Posted on May 14, 2012


I know very little of rabbit taxonomy, despite owning 12 of the critters. As with the soil in our yard and the greens we grow from weedy deposits and fresh compost, I am learning details and biology very slowly. Despite speaking their scientific vernacular, I was born in the year of the Rabbit (Hare, technically) and can relate to the rabbits – restless, jumpy, willing to be loved on but easily distracted and startled.

Marjoram’s 7 tiny kits are doing well and are a week old as of yesterday. Most of them are on top of the mass of warm furry nest now, earlier than Rosemary’s kit was, likely due to the high heat of mid May in Florida. We learned the hard way about something that we missed in our initial rabbitry education: you are supposed to remove the nesting box from the cage in about 2 (hot weather) to 3 weeks (colder weather). Our rabbits live in much warmer temperatures than rabbits would prefer in the wild, and we can’t diagnose exactly what killed Badger – but it could have been an infection, she could have been weaned and we didn’t realize it was so soon and she had no access to her own water – it’s difficult to say, but it’s not a mistake we are willing to make again.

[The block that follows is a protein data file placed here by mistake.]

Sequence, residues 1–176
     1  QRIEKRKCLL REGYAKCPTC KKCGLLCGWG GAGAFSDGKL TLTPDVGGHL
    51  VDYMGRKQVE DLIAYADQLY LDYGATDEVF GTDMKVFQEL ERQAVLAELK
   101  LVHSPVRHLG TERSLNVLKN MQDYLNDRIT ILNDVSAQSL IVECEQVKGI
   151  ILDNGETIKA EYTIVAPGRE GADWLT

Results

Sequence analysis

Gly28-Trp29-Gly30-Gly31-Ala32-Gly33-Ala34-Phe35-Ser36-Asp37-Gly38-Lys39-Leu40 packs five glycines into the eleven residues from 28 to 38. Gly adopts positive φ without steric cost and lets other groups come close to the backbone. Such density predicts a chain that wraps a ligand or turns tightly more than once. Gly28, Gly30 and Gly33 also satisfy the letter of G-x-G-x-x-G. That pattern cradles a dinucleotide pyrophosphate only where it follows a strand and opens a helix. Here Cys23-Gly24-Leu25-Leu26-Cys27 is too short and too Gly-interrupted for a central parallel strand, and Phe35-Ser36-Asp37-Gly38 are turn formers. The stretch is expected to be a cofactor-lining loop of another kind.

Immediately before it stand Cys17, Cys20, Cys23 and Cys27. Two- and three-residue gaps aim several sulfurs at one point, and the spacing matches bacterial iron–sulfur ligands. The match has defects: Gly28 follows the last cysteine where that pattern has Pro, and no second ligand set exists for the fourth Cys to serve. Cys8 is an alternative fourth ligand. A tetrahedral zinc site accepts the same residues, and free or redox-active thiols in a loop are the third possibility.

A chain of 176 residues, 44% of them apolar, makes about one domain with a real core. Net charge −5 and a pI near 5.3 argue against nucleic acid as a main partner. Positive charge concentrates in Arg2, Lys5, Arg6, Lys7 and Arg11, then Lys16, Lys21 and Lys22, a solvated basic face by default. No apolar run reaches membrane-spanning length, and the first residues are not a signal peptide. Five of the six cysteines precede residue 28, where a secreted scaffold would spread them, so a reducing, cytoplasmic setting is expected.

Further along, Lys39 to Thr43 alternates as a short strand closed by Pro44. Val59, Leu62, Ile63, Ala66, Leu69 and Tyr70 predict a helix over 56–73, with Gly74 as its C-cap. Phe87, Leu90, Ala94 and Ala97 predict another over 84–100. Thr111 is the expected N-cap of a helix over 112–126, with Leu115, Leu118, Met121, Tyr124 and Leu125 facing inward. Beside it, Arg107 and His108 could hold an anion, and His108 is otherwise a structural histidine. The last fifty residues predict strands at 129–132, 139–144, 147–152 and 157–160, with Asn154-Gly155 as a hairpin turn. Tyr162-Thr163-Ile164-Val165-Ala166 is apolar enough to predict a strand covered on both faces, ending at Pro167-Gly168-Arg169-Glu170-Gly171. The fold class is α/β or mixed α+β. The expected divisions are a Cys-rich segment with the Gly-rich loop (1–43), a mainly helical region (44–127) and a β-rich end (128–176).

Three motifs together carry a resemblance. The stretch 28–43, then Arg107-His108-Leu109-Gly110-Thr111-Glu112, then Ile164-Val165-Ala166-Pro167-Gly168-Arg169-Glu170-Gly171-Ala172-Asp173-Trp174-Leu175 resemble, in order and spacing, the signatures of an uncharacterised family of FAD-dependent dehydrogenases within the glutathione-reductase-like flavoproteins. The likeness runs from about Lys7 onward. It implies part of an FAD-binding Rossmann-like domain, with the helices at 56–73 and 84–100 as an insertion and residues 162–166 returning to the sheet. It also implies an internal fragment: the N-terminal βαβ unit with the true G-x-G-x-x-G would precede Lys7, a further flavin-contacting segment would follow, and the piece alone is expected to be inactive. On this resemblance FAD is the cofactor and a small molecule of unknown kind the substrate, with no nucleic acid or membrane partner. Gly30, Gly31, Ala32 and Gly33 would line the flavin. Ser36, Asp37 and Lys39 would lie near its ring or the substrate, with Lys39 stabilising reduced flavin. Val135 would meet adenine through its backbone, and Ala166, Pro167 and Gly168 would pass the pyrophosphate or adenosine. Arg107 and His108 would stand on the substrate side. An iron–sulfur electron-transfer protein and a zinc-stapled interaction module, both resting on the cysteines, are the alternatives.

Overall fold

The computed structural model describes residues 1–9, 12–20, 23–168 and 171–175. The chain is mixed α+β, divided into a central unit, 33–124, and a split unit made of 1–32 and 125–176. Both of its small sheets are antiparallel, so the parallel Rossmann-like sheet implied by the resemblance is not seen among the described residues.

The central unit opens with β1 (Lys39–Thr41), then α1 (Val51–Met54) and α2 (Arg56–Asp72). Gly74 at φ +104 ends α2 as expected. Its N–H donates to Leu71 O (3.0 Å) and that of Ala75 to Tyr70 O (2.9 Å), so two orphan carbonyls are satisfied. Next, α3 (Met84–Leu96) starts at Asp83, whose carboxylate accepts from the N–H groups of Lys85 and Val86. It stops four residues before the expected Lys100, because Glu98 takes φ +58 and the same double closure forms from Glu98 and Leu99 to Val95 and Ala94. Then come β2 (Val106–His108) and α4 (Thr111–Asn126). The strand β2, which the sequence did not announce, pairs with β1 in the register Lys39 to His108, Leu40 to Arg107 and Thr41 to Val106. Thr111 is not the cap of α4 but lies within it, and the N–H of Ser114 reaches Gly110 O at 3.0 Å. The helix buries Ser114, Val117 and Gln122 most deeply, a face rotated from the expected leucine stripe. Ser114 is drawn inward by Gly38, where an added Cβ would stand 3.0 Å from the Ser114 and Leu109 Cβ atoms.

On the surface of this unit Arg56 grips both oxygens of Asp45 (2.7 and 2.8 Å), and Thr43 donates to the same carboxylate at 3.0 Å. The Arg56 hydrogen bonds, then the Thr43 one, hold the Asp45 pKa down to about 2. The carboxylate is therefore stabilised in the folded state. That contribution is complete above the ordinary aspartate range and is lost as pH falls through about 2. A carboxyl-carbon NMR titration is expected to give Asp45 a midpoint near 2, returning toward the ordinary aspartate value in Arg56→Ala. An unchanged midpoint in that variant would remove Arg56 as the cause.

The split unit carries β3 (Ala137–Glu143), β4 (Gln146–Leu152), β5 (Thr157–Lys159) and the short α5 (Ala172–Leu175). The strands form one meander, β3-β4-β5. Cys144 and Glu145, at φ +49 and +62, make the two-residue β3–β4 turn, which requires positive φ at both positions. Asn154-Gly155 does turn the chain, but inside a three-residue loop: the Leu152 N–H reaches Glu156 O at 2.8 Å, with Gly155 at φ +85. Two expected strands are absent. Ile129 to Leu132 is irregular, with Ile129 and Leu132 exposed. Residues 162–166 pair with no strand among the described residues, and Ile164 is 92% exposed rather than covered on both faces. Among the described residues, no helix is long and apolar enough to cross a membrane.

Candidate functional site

One of the kits (see left) is otter-furred. An otter-furred rabbit can have different colors, but this one is black which means that the fur looks orange where the black fur meets in different areas and it looks almost wet in places – sleek like an otter. The kits are still so small and cute that it’s difficult (no different from before) to think of them as being food or clothes (or other things) at some point, but that pelt will be beautiful.

For Nate’s first adventure in rabbit slaughtering, I got him a gift, Buckskin: The Ancient Art of Braintanning by Steve Edholm and Tamara Wilder, a book that goes into detail about how to tan animal hides using the very same animals brains. Tamara Wilder came recommended from Novella Carpenter’s blog on her little city farm,  Ghost Town Farm. It still strikes me as almost humorous that people spend money on expensive chemicals to tan hides when they have, most of the time, at their disposal, the head of the very same animal with the materials to naturally tan that hide.

I would like to learn my own share of leather skills since we will have the materials to work with. Homemade moccasins would be amazing and if we ever think to venture somewhere colder and spend some nights outside, I though the idea of a rabbit fur-lined sleeping back would be phenomenally warm, though a bit suffocatingly so in Tampa almost any night of the year.

Nate constructed a 4-compartment long cage for the rabbits that will be more practical for cleaning purposes and more sanitary for the rabbits since my larger hutch was not the easiest to clean. Our official bun count is up to 1 buck, 3 mature does, 1 immature doe (Inara, see right, is only 1 month and too young to breed), and 7 kits. According to the breeding/kindling log, we can expect Rosemary (barring any further complications with kindling) to give birth close to the 3rd of June and Brook Lee (the newest – and currently largest –  addition to our does) around June 10th, give or take a few days. Assuming these babies, or at least most of them, stay healthy, we’ll be dressing our first rabbit sometime between 6 and 11 weeks from now. Stay tuned!

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